US Market Data and Presidential Elections adding Pressure to Precious Metals

This week, clients have been net selling gold and silver but buying platinum.

Goldmoney Wealth’s clients have favoured the Hong Kong and Singapore vaults followed by the Canadian vault this week, with less preference being shown for the London and Swiss vaults.

Kelly-Ann Kearsey, Dealing Manager at Goldmoney Wealth said that, after relatively stable pricing last week, precious metal prices have been retreating as the US Dollar gained strength throughout the week. Gold prices fell to a one-week low on Wednesday due to a stronger US dollar; there continue to be mixed views on the whether the Federal Reserve will increase its rates in December.

Risk appetite has also remained high, which could be adding pressure to the gold prices after the first US presidential debate on Monday. There are still two more presidential debates to follow before the election in November. Gold and silver temporarily edged higher on Thursday morning as the US Dollar weakened after the Organization of the Petroleum Exporting Countries (OPEC) agreed a modest oil output cut on Wednesday, which is the first deal since 2008.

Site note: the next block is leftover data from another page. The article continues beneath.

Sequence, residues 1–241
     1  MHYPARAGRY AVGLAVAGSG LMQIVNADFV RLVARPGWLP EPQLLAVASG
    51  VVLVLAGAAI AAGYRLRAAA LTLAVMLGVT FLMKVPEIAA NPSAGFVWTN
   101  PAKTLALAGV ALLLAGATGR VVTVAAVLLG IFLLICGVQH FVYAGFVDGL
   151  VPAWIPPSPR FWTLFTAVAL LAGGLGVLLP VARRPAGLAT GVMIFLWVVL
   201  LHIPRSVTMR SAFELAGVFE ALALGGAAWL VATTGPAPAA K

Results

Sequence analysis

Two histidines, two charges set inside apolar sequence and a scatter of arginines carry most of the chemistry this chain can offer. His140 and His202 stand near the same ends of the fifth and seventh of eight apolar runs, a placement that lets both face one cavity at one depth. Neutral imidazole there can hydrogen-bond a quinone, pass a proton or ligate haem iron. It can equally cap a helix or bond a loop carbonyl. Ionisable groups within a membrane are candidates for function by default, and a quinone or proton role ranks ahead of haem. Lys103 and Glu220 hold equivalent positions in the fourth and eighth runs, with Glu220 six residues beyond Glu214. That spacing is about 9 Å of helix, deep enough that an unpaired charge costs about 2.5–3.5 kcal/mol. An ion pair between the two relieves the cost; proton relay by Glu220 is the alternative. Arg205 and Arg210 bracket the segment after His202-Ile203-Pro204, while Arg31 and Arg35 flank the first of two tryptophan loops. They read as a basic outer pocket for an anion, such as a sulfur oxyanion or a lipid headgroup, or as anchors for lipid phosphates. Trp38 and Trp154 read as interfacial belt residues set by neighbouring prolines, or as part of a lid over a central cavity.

In the short-term, the markets will be focusing for the most part on US economic data, as we are due to see the release of ISM manufacturing data, the September jobs figures, and the second quarter GDP figures.

Week on week, palladium was the best performer after a gain of 2.6% whilst gold, silver and platinum prices dropped. This has amended the gold to silver ratio up to 69.

29/09/16 16:00. Gold decreased 1.4% to $1,318.30, Silver dropped 4.6% to $19.04, Platinum lost 3.5% to $1,020.20 and Palladium jumped 2.6% to $712.20 Gold/Silver ratio: 69

NOTES TO EDITOR
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by Kelly-Ann Kearsey

 

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Gold Money

For most of my 40 years in the finance industry, I have been de-mystifying macro-economic events for his investing clients. The accumulation of this experience has convinced me that unsound monetary policies are the most destructive weapon governments use against the common man. Accordingly, my mission is to educate and inform the public in layman’s terms what governments do with money and how to protect themselves from the consequences.